Many people’s first response to rising temperatures is to open all their windows to ‘let some air in’.
But this isn’t always the wisest idea - and could even cause the temperatures inside to soar.
Here’s when you should open and close your windows – and some other advice on how to keep the heat out of your home.
When should I open my windows?
Most people think that leaving windows open on hot days will help cool the house - but this isn’t true in all cases.
In hotter countries it’s common practice to block the sun out completely during the day, and there’s a very good reason they insist on keeping their windows closed.
It comes down to a couple of key elements, namely how much natural air circulation there is in your home experiences and how well your home is insulated.
If there isn’t a decent breeze outside, having your windows open for a long period can increase the temperature in your home rather than reduce it.
Meanwhile, while we think of insulation as being for keeping heat in, it actually slows the transfer of all heat – meaning it can also keep heat out.
This is also the case for double glazing, so opening those windows can just mean inviting heat in that would otherwise be kept out.
First thing in the morning, check to see if it’s cooler outside than in. If it is then open your windows to encourage fresh air to flow through the house.
Keep an eye on the temperature and, as soon as it starts to rise, close all your windows to keep cool, beofre opening them again if it cools in the evening.
Whenever it’s warmer outside than it is in your home it’s better to keep your windows closed – that’s doubly the case should you be lucky enough to have air conditioning.
Keeping internal doors open can also help to circulate the air throughout your home with less risk of increasing the temperature.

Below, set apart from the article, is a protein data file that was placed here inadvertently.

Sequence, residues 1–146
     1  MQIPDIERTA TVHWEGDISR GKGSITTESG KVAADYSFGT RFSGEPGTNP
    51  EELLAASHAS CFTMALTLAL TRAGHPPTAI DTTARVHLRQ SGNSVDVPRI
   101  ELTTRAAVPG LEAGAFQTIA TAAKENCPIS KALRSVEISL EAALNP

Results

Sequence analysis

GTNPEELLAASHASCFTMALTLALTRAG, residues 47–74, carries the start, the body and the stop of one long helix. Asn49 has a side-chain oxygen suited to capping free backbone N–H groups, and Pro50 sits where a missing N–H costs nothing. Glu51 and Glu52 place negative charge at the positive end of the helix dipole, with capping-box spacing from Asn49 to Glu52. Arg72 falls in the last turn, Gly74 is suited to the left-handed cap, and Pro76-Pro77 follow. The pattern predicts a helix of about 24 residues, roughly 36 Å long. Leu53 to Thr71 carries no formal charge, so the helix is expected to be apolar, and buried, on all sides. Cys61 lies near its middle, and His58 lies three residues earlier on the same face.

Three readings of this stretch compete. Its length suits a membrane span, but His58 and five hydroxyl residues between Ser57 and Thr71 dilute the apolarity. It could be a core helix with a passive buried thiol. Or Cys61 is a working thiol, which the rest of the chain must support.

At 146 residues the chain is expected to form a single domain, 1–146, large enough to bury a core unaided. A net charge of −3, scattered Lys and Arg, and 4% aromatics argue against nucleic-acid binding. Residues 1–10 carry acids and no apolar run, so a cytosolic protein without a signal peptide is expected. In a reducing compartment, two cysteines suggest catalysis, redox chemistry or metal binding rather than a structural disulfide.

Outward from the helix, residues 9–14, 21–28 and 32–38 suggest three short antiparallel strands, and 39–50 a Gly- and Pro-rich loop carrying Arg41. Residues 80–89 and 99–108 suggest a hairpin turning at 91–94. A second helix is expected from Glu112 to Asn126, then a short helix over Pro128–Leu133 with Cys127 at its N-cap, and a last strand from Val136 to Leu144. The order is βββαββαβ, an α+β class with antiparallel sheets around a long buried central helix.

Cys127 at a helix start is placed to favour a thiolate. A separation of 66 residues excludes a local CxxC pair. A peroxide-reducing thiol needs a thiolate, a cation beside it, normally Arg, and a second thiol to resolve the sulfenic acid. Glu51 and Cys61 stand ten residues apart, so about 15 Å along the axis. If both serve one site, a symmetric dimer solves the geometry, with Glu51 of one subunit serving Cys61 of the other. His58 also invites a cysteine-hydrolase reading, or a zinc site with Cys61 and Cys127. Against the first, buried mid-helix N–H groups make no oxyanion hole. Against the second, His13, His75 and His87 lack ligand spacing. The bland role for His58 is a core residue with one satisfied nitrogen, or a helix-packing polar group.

Remember to keep your home secure
While we’re keen to keep our homes cool it’s also important to remember to keep them secure.
It may be tempting to leave windows open in the cooler evenings when you go out, but this is never a good idea.
Stick to opening windows while you are at home – unless you can guarantee they can’t be exploited by potential intruders.
Keep curtains and blinds closed
Try to get into the habit of closing your curtains and blinds during the day when the sun is at its hottest. If windows in certain rooms catch a lot of direct sunlight, use dark or blackout curtains or blinds to prevent the rays from overheating your room.
If you’re handy with DIY, you could also opt for bubble wrap insulation which will help to temporarily block out the sunlight, increasing your windows insulating properties by creating a layer of still, trapped air.
Using shades or reflective material such at tinfoil outside the windows can also help to keep cool inside.
External window shading
Another good tactic is to create shade outside of your windows, especially in your living room if you sit in there during the day. If you love gardening, planting trees or high plants outside of the windows helps create shade and keep the space directly outside of the area cooler. When plants lose water vapour, they often cool the air around them.